Pittsburgh, PA - December 5, 2008 - Catholic clergy childhood sexual abuse and cover-ups were seldom discussed before the Boston Archdiocese scandal broke around Cardinal Bernard Law's mishandling of pedophile priests like John Geoghan, Paul Shanley, and others. According to Mike Ference, who began investigating similar issues in Western Pennsylvania after his son was shot by a boy believed to have been abused by a priest, that silence was, and is, a large part of the problem.
"Abuse has been documented for centuries," he explains. "And one reason it continues is that too many people remain silent, look the other way, or, worst of all, actively engage in a cover-up. The primary culprit may be the church hierarchy, but the problem extends to individual parishioners, law enforcement officials, politicians, journalists. Even today, the civil liberties of victimized children and their families are often deliberately ignored."
Ference believes in straightforward legal solutions advanced by people like Marci A. Hamilton, a leading U.S. church/state scholar and expert on federalism and representation. "In Hamilton's book, Justice Denied, she says that childhood sexual abuse in the United States is a silent epidemic because of a legal system that is not effectively protecting children from predators," Ference says. "Her solution is simple and direct - broaden or eliminate the statute of limitations for sex abuse crimes against children as one means of restoring civil rights."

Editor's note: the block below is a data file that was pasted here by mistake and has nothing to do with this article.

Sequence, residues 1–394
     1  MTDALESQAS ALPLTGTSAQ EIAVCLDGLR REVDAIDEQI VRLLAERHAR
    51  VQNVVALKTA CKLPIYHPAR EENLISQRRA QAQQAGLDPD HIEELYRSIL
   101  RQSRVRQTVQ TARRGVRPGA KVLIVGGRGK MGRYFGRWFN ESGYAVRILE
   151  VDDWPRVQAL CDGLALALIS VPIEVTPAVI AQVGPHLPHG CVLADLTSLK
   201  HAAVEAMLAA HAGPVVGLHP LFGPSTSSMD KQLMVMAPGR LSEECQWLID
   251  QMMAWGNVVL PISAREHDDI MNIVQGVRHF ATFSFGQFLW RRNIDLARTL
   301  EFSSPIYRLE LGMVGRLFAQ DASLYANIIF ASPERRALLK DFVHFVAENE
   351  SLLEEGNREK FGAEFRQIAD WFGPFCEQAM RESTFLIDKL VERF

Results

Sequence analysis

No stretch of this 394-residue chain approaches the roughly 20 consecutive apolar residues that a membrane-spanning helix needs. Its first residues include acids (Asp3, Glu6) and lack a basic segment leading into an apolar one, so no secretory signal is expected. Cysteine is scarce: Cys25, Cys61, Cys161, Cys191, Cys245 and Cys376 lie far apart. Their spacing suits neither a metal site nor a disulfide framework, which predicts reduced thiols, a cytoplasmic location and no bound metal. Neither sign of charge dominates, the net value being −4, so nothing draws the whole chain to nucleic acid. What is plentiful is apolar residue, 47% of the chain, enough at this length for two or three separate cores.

Based on his 20-year investigation revolving around clergy sexual abuse and cover-ups, Ference asserts that the civil liberties of abused children and their families often fall prey to the Catholic hierarchy's ability to lure individuals into silence, influence law enforcement authorities, and manipulate the justice system. "Again and again, my investigation has turned up evidence of system-wide cover-ups - and individuals unwilling to confront the authority of the church and tell the truth. Many people I've contacted seemed afraid to discuss anything related to the church," he says.
With no police badge, or even a press pass, Ference has had little leverage to encourage people to talk. But driven by a desire to prevent others from suffering, he has persevered, piecing together a disturbing matrix of clergy-related abuse, corruption, and cover-ups involving multiple positions of authority in Western Pennsylvania. While he has distributed and published some of this information in the past, he believes the climate is now right to begin telling his story to targeted audiences and the public through a series of speaking engagements.
"Enough information has surfaced in the past few years that all but those deepest in denial now admit that the Catholic church hierarchy has systematically shuffled pedophile priests from one assignment to another, often placing more innocent children in harm's way," he says. "It's sad that it has taken this long, and this much evidence, to get people to remove their blinders, but people are now more receptive to my investigation - they believe it because they're hearing similar stories from all over the country. The tragedy is that in the 20 years I've tried to draw attention to this problem, it is likely that there were more victims who could have been saved if officials I sought help from had done their jobs," he concludes.